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Synthetic connectivity, emergence, and self-regeneration in the network of prebiotic chemistry

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Mapping primordial reaction networks

Chemists seeking to understand the origins of life have published a wide range of reactions that may have yielded the building blocks of proteins, nucleic acids, and lipids from simple precursors. Wołos et al. scoured the literature to document each such reaction class and then wrote software that applied the reactions first to the simplest compounds such as cyanide, water, and ammonia, and then iteratively to each successive generation of products. The resulting network predicted a variety of previously unappreciated routes to biochemically relevant compounds, several of which the authors validated experimentally.

Science, this issue p. eaaw1955

Structured Abstract

INTRODUCTION

Although hundreds of organic reactions have been validated under consensus prebiotic conditions, we still have only a fragmentary understanding of how these individual steps combined into complete synthetic pathways to generate life’s building blocks, which other abiotic molecules might have also formed, how independent reactions gave rise to chemical systems, and how membranes encapsulating these systems came into being. Answering such questions requires consideration of very large numbers of possible synthetic pathways. Starting with even a few primordial substrates—e.g., H2O, N2, HCN, NH3, CH4, and H2S—the number of prebiotically synthesizable molecules grows rapidly into the tens of thousands. Detailed analysis of this space and its synthetic connectivity may be beyond the cognition of individual chemists but can be performed by smart computer algorithms.

RATIONALE

We harnessed the power of computer-assisted organic synthesis to map the network of molecules that are synthesizable from basic prebiotic feedstocks. This was done by encoding currently known prebiotic reactions in a machine-readable format, augmenting these reaction transforms with information about incompatible groups and reaction conditions, and then applying them iteratively to a set of basic prebiotic substrates. The reaction network thus created was queried by algorithms to identify complete synthetic routes as well as those tracing reaction systems—notably, reaction cycles. All calculations were supported by a software application that is freely available to the scientific community.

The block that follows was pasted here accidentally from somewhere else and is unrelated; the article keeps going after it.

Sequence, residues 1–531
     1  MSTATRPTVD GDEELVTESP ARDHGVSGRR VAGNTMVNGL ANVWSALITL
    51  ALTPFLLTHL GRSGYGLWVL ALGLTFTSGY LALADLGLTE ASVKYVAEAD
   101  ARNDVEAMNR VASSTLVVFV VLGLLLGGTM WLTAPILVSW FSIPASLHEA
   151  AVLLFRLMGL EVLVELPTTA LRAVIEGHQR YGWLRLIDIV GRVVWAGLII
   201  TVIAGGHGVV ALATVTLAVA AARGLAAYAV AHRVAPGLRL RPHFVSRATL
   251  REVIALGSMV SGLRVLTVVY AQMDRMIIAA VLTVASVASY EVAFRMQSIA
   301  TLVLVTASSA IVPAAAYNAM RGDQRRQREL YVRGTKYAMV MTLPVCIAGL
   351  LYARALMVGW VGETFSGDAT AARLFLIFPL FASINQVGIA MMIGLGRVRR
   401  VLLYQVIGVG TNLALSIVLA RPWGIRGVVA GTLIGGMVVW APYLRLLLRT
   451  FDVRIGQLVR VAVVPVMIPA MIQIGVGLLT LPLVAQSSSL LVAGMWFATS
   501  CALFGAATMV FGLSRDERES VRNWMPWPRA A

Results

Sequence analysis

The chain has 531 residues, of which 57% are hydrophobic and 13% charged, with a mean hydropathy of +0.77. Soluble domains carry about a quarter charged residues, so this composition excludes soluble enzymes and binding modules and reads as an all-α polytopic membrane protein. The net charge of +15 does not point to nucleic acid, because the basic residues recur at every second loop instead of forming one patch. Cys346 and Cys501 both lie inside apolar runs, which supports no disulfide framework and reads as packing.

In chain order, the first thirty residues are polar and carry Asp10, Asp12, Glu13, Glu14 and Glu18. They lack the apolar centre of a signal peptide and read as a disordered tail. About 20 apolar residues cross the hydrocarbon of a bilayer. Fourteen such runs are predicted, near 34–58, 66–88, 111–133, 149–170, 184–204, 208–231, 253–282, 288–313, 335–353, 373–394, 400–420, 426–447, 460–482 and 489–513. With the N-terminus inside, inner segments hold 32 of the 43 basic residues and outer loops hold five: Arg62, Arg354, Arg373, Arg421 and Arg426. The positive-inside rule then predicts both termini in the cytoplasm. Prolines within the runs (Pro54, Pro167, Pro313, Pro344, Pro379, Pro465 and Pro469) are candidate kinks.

RESULTS

We demonstrate that this network comprises more abiotic molecules than biotic molecules. The biotic compounds differ from the abiotic compounds in several ways: They are more hydrophilic, more thermodynamically stable, and more balanced in terms of the hydrogen bond donors and acceptors they contain and are synthesizable along routes with fewer changes of conditions. The network contains not only all known syntheses of biotic compounds but also previously unidentified routes, several of which (e.g., prebiotic syntheses of acetaldehyde and diglycine, as well as malic, fumaric, citric, and uric acids) we validated by experiment. We also demonstrate three notable forms of chemical emergence: (i) that the molecules created within the network can themselves enable new types of prebiotic reactions; (ii) that within just a few synthetic generations, simple chemical systems (including self-regenerating cycles) begin to emerge; and (iii) that the network contains prebiotic routes to surfactant species, thus outlining a path to biological compartmentalization. We support these conclusions with experimental results, establishing previously undescribed prebiotic reactions and entire reaction systems—notably, a self-regenerating cycle of iminodiacetic acid.